Shafts of sunlight waft through through the trees in Itasca State Park

5 Things to Do in Northwest Minnesota

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Shafts of sunlight waft through through the trees in Itasca State Park

5 Things to Do in Northwest Minnesota

By Ashlea Halpern

Home to some of the state’s largest lakes, fairytale forests and the headwaters of the Mississippi, the northwestern corner of Minnesota is a playground for outdoor adventurers. From ATV escapades to world-class fishing, there are countless ways to get on the water and embrace nature — even when it’s 30 below zero.

Here are five ideas to get you started....

Mississippi headwaters, Itasca State Park

The Mississippi headwaters at Itasca State Park / Kvidt Creative

1. Walk across the historic Mississippi River headwaters 

The mighty Mississippi River can be traced 2,552 miles from the Gulf of Mexico to a humble wilderness stream at Lake Itasca. One of more than 100 lakes in Itasca State Park, the 32,000-acre park has a sandy swimming beach and boat dock perfect for launching canoes, kayaks and stand-up paddleboards, all of which you can rent by the hour or day.

After you’ve stepped barefoot across the stones at the headwaters of the Mississippi, check out Preacher’s Grove, a towering thicket of centuries-old red pines, and Pioneer Cemetery, the final resting place for early Itascan homesteaders. The park also offers a 16-mile paved bike trail and boat excursions aboard the 141-passenger Chester Charles II, whose tours trace the same path taken by Ojibwa interpreter Ozawindib when she led Henry Rowe Schoolcraft to the headwaters in 1832.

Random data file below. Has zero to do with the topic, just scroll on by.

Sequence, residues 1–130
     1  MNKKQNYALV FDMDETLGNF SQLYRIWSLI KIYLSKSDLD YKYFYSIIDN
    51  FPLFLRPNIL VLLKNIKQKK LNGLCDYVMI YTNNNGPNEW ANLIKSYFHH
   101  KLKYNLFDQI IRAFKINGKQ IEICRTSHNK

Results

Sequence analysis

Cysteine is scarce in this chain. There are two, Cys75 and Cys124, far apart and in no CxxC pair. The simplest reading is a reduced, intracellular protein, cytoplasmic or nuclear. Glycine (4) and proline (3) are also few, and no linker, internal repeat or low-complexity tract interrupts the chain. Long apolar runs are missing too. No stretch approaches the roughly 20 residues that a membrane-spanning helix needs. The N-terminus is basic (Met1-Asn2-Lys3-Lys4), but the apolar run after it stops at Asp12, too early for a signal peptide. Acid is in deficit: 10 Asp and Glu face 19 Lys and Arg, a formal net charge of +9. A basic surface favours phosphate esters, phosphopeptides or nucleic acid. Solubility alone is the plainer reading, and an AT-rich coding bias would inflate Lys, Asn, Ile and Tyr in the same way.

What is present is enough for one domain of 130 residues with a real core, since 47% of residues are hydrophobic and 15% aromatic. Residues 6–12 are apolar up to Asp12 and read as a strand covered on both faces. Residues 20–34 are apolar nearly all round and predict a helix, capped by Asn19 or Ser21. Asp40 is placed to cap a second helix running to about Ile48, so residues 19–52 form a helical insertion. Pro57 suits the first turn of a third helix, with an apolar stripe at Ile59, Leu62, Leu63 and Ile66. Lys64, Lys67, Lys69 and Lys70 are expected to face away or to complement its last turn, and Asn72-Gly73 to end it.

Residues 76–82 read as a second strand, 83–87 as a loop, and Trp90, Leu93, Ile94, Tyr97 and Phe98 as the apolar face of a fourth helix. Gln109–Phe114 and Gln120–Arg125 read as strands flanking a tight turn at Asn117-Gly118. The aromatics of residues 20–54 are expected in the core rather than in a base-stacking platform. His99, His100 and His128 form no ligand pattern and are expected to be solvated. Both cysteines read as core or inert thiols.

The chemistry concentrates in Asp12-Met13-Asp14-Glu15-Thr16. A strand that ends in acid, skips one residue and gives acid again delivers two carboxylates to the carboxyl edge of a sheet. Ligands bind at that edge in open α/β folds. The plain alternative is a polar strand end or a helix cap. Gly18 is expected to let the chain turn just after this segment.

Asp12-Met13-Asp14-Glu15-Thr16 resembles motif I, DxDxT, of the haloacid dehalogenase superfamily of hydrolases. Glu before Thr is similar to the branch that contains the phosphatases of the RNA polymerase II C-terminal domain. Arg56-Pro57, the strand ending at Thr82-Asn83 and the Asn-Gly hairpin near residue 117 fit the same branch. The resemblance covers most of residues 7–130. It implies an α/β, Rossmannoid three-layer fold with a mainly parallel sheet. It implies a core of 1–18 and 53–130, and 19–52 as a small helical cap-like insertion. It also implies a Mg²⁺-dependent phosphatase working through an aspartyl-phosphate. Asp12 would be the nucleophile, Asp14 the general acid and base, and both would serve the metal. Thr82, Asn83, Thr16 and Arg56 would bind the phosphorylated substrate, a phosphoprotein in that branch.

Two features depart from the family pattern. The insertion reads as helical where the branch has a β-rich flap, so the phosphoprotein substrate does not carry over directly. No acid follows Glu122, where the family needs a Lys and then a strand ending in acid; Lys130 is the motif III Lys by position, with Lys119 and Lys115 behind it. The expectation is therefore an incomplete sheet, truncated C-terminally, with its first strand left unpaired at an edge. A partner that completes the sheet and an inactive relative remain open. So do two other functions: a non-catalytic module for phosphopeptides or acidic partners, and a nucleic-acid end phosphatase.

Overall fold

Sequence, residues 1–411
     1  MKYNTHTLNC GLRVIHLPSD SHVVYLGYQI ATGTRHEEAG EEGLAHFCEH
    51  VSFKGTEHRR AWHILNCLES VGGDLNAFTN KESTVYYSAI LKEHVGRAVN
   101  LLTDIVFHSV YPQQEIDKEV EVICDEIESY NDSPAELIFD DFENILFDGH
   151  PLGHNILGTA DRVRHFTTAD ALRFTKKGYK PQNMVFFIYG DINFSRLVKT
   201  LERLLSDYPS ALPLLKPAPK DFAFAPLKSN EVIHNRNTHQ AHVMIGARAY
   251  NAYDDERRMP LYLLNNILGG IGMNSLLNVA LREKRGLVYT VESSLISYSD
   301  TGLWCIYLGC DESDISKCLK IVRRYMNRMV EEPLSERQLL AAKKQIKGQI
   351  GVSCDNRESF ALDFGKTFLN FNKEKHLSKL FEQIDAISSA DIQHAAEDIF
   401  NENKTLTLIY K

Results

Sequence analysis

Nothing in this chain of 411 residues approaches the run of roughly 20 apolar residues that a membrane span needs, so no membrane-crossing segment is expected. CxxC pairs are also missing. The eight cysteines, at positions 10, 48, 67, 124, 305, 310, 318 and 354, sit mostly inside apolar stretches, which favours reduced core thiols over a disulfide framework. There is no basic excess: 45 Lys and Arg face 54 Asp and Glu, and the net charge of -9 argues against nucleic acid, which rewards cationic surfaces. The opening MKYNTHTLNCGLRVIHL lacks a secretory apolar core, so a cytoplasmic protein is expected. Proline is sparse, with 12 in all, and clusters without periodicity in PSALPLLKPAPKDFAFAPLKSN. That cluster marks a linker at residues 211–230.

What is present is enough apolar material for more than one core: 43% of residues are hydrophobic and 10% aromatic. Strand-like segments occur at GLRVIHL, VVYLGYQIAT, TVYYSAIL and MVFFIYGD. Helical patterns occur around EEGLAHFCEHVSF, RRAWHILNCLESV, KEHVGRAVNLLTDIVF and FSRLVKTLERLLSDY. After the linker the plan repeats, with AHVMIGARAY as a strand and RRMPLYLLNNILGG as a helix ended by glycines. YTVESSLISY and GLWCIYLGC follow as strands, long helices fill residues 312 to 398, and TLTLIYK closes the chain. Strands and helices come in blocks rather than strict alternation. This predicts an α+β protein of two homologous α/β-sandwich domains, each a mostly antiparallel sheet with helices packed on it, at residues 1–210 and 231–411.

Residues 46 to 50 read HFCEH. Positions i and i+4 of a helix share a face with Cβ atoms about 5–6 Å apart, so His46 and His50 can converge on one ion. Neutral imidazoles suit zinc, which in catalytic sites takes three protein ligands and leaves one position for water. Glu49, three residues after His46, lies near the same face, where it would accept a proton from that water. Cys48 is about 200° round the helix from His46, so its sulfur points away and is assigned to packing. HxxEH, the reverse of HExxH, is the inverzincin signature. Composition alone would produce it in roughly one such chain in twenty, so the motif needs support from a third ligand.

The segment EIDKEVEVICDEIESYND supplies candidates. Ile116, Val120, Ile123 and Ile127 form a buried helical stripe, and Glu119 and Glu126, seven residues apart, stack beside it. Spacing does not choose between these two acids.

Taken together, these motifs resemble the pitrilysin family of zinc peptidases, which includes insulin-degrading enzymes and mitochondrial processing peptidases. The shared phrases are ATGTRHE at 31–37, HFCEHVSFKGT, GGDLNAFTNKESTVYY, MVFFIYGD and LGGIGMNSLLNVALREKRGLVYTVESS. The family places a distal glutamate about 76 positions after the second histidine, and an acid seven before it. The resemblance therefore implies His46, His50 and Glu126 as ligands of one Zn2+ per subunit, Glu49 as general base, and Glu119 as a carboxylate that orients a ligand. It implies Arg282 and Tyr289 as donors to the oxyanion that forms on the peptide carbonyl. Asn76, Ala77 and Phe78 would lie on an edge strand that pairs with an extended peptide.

Doc's Harbor Inn skate path, Warroad

The skate path at Doc's Harbor Inn / Andrew Fisher

2. Skate the country's longest ice path

Hockeytown U.S.A. made headlines when it introduced the Riverbend Skate Path in 2020. The record-breaking ice track was created when residents living along the Warroad River decided to connect their backyard hockey rinks by plowing a route on the frozen waterway.

By its second season, the trail measured 21 feet wide and 5.2 miles long, establishing it as the longest ice skating trail in the nation. Lined with firepits and Christmas trees, it has become a vibrant seasonal hub for the local community. Warroad volunteers groom and maintain it and even helped construct two warming huts where skaters, sledders and broomballers can pull up for a steaming cup of hot chocolate.

The path is free to use, and skate, ski and snowshoe rentals are available at Doc’s Harbor Inn.

Kids on ATVs and dirt bikes round river drive

Round River Drive Trail winds through a variety of terrain, some of which is perfect for beginning off-road riders. / Dave Halsey

3. Tackle the trails in ATV central

No part of Minnesota is friendlier toward all-terrain vehicles than the one that birthed ATV manufacturers Polaris and Arctic Cat. Here, riders will find a diversity of landscapes, including dense forest, windswept western prairie and fields of wildflowers.